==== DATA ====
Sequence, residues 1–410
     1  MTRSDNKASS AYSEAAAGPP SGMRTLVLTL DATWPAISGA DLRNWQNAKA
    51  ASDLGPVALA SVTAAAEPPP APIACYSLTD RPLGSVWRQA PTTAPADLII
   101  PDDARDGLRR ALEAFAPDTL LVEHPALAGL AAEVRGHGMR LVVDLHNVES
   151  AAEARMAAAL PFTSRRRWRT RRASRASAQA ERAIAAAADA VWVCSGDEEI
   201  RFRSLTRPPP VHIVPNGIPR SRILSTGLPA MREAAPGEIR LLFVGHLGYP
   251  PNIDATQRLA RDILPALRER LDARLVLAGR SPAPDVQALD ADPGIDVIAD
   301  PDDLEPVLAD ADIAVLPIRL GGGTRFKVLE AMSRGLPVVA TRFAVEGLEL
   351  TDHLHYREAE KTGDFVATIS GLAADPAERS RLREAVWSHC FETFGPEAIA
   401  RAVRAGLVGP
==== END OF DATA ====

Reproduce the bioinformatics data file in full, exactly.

Sequence, residues 1–410
     1  MTRSDNKASS AYSEAAAGPP SGMRTLVLTL DATWPAISGA DLRNWQNAKA
    51  ASDLGPVALA SVTAAAEPPP APIACYSLTD RPLGSVWRQA PTTAPADLII
   101  PDDARDGLRR ALEAFAPDTL LVEHPALAGL AAEVRGHGMR LVVDLHNVES
   151  AAEARMAAAL PFTSRRRWRT RRASRASAQA ERAIAAAADA VWVCSGDEEI
   201  RFRSLTRPPP VHIVPNGIPR SRILSTGLPA MREAAPGEIR LLFVGHLGYP
   251  PNIDATQRLA RDILPALRER LDARLVLAGR SPAPDVQALD ADPGIDVIAD
   301  PDDLEPVLAD ADIAVLPIRL GGGTRFKVLE AMSRGLPVVA TRFAVEGLEL
   351  TDHLHYREAE KTGDFVATIS GLAADPAERS RLREAVWSHC FETFGPEAIA
   401  RAVRAGLVGP